Regardless of whether the module runs over a four week block or a 12 week semester, blended learning should include a mixture of face to face and rich online learning experiences. These should include:
the use of technology, both the online learning environment, and other classroom technologies to deliver a range of clearly structured synchronous and asynchronous learning activities;
lectures which are streamed and recorded using Virtual Classroom providing opportunity for students to revisit content post-live delivery;
group and individual activities, as well as one-to-one tutor time;
one to one tutor time
small, regular, low risk formative assessment, particularly at Level 4, to test learning gain and understanding.
This guide has been developed with thanks to Doug Clow at Wonkhe and Anne Hole at ALTC along with the CELT.
Some of what you already know about teaching still applies. Your understanding of how to help people learn your subject remains central. Education students will have the same conceptual struggles with threshold concepts, English students will continue to oversimplify Foucault.
But some of what you know doesn’t apply. You’ve developed skills and expertise in teaching your subject based on face-to-face methods, building on decades or more of expertise in your discipline in how to teach at university level. Doing it all online is different.
One of the most useful concepts for new online teachers is the idea that different tools and technologies have different affordances for learning. Any particular tool will be better for some things than for others. If you try to use a tool for something it’s not suited to, it’s likely to go badly. Attempting to teach exactly the same way online as you do face to face probably won’t go well.
Use what you know
You already know some technological tools that can help, Brightspace is the prime learning and teaching tool. Use it for the things that it is good for. Don’t try to use instant messaging for considered, in-depth discussion.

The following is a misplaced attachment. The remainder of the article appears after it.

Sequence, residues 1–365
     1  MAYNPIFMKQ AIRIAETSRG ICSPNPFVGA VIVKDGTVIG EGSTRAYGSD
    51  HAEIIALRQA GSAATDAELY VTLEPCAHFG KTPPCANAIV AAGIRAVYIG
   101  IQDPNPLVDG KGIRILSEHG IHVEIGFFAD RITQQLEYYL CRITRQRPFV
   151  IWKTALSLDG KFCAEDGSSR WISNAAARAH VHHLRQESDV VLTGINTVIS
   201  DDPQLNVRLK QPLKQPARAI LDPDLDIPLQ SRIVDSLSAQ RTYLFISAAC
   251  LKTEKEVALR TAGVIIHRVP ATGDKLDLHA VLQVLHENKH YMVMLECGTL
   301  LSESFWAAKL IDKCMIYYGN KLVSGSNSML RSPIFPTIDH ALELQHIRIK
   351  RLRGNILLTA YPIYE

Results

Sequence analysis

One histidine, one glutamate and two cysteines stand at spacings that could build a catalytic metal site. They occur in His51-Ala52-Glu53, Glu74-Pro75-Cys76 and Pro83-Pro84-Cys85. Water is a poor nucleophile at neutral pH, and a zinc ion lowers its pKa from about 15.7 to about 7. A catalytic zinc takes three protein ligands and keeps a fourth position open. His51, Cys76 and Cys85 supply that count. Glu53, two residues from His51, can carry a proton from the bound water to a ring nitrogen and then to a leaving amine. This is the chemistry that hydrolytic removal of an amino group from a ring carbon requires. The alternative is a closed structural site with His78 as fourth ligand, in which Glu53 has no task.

Brightspace has a vast array of functions and features, the following pages will guide you through their use. Now’s the time to try them out. It might appear tricky at first, but your students are already signed up to it, and CELT are providing as much technical support as possible, whether that is face-to-face or online.
Use other people stuff
Another really useful concept is that when you’re teaching online, you don’t have to do it all yourself. You can re-use and re-purpose good resources that already exist. For instance, making high-quality videos is difficult, slow, and expensive. But if someone else has already done the work, you can re-use it in your course. If it’s an Open Educational Resource (OER), you don’t even have to ask anyone for permission. Check out MOOCs and OER for inspiration and things you can just lift wholesale.
A classic piece of online learning sets out the background to a topic, linking to what’s gone before, then sends the students off to study an external resource, before bringing them back to do something with what they’ve learned.
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